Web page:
Combined with a low and deep center of gravity, the High Heat is fashioned for amateur golfers, especially those lamenting the loss of distance that has crept into their games as the decades stack up.
The data is similar for the 3-metal too and 5-metal, too, as well as Knuth Golf’s brand new hybrids.
Golf Tips testing bore that out.
With the driver, what felt like slight toe hits resulted in powerful mini-fades that landed near the 250-yard marker. Center strikes, of course, were even more impressive in impact explosion, ball flight height and carry distance.
The testing continued with one big fly after another. Even definite heel shots stayed on line — on a string with, again, solid carry and roll-out distance. With the High Heat driver, strikes went from underwhelming to overachieving, swing after swing.
When Knuth’s fairway metal and hybrid versions came out, we gave them a spin, too, and got the same sweet power-packed sensation with each swing — even those that were clearly on the toe or heel. Our latest testing with the 15-degree 3-metal, in particular, took us aback; when faced with tighter driving targets and the need for less than full-on distance, pulling this handsome, larger-headed-than-usual club gave us confidence over the ball, which led to a smoother, slower swing — and explosive impact, pleasingly piercing ball flight and virtually no chance at a slice. Instead we got a dead-straight to slight draw movement. And even to a decent headwind, our tee shots cleared 220 yards; downwind, closer to 235.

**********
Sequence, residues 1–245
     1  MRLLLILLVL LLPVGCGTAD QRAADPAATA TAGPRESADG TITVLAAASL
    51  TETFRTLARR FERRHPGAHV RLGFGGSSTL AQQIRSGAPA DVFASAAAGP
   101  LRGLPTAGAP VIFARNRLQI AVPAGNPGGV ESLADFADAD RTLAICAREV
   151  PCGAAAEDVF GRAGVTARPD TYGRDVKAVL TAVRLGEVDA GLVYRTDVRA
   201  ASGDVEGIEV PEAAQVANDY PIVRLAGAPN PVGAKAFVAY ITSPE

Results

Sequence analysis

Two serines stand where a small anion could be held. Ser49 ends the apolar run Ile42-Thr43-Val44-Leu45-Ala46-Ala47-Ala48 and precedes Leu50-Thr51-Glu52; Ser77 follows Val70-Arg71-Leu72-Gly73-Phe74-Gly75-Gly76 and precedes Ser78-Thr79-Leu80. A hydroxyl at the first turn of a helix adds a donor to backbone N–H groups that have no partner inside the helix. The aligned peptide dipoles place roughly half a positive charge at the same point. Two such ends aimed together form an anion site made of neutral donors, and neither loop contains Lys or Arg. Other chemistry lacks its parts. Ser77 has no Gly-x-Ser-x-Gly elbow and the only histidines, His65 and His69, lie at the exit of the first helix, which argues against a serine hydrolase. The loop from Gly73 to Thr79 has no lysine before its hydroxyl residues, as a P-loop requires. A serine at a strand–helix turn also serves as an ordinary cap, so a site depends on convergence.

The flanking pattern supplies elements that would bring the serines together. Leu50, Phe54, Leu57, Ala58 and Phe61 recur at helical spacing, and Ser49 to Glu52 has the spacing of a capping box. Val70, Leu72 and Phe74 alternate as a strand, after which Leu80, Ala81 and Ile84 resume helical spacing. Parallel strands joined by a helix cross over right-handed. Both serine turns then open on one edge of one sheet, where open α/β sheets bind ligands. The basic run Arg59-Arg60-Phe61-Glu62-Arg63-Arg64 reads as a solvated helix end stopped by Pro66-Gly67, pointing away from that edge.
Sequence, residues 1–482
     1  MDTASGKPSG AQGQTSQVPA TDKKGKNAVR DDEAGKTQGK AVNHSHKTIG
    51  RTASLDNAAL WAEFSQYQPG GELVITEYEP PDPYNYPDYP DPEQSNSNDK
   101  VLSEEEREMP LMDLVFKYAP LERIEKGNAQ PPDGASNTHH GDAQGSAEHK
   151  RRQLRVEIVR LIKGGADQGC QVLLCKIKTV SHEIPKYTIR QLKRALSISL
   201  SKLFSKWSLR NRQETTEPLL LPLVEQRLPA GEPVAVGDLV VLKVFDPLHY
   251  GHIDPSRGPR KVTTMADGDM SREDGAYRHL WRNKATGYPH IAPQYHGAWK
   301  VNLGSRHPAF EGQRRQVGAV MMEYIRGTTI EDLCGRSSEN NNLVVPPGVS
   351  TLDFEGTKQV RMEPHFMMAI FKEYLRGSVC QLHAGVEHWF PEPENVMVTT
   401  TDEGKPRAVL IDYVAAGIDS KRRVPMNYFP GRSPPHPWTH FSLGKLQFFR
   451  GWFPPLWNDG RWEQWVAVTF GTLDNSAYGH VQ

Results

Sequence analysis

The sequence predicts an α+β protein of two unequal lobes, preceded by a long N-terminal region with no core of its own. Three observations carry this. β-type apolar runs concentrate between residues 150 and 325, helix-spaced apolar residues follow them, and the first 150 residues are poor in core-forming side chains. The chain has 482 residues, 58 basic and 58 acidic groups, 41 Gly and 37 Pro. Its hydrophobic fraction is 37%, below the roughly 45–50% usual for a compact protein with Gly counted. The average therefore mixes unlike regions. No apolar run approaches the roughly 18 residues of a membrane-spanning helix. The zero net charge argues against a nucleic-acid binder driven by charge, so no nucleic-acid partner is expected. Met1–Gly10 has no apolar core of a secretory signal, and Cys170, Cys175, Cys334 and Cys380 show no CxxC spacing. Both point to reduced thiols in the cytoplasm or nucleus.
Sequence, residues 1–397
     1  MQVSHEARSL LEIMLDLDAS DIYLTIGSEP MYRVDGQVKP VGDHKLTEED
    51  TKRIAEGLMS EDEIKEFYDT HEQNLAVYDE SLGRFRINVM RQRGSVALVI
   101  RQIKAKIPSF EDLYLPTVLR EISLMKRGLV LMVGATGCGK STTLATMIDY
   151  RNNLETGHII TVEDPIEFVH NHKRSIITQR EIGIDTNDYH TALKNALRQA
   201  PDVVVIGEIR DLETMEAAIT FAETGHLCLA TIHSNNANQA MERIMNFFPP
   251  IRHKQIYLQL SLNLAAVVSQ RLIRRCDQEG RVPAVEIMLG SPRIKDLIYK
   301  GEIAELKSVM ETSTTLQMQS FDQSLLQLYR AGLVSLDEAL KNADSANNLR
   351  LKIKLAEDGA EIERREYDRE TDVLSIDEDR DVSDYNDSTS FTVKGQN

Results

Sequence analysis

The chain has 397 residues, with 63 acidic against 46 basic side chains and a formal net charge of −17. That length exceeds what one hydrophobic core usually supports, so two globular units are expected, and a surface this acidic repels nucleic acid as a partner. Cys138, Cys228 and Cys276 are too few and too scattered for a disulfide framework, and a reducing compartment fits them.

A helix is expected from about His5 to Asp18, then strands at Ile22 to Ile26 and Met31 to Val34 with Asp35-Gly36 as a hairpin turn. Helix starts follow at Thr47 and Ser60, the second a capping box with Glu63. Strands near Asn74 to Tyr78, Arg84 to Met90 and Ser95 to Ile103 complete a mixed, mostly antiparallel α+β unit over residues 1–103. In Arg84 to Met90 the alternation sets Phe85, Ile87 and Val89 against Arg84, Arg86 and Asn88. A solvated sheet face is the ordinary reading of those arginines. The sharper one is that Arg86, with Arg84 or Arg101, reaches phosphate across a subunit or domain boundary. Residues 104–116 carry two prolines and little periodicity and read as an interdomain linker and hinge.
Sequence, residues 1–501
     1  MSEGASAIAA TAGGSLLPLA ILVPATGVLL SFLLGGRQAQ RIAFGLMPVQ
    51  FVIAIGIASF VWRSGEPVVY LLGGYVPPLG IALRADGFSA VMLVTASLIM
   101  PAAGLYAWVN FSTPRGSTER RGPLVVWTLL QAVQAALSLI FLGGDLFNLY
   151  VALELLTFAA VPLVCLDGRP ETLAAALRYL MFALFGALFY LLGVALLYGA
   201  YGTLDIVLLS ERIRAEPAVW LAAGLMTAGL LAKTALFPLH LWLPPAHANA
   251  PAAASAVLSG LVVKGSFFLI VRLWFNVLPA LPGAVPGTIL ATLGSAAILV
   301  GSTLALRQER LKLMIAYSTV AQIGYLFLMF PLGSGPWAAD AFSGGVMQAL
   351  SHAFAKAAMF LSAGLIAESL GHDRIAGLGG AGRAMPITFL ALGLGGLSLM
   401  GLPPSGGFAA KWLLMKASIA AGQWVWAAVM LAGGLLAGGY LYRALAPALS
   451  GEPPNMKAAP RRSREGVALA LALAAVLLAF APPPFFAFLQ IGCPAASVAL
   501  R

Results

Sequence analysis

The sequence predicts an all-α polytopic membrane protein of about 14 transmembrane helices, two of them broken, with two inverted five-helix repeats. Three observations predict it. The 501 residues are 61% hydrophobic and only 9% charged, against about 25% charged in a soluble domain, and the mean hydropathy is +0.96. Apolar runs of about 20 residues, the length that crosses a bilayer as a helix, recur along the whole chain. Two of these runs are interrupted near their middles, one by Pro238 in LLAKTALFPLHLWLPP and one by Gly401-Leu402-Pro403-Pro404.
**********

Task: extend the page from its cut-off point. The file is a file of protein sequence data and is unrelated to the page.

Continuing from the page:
For fairway strikes, the High Heat 3-metal performs beautifully, too. Again, swing easy and let Knuth’s hard work kick in.
For golfers tired of swallowing hands-ful of over-the-counter or prescription pain meds before and after every round, there’s a new high-tech device called Oska Pulse that will allow pain-free practice, play and recovery with no side effects.
Afrer all, pain is an issue with all athletes, including golfers. Many undergo surgery, rework their swings, and end up on pain meds. Oska Pulse is a portable, wearable and affordable PEMF machine that reduces inflammation and relieves pain. It is doctor approved, FSA/HSA spending account reimbursable, and over half of users reduce or eliminate meds their inherent risks.
Oska Wellness is a pioneer of technology-driven wellness solutions that help people live more active lives with less pain. Oska Pulse is clinically proven (via a double-blind placebo study) to reduce inflammation, increase circulation, improve mobility and alleviate pain.
It uses Pulsed Electromagnetic Field (PEMF) technology, which is commonly used in doctors’ offices and demonstrated in thousands of clinical studies to work at the source of pain by accelerating the body’s ability to repair injured cells and increasing blood flow. By addressing pain at the source rather than simply masking it, Oska Pulse is ideal for acute or chronic pain, including back, knee, neck, joint, muscle and more.
PEMF technology has been a trusted solution for pain management and tissue regeneration in clinics for decades, and works at the cellular level to accelerate the body’s ability to repair injured cells. Healthy cells convert nutrients into energy by efficiently moving ions through their membranes. When cells are distressed from pathogens, trauma, starvation or toxins, this ion movement is more difficult, and the cells’ metabolic productivity is reduced. A safe, low energy Pulsed Electromagnetic Field is used at a precise frequency to restore the cell’s efficiency, allowing it to perform its function. Once only accessible through doctors’ offices and therapy centers, this effective technology is now available for home, office, car and on-the-go use through Oska Pulse.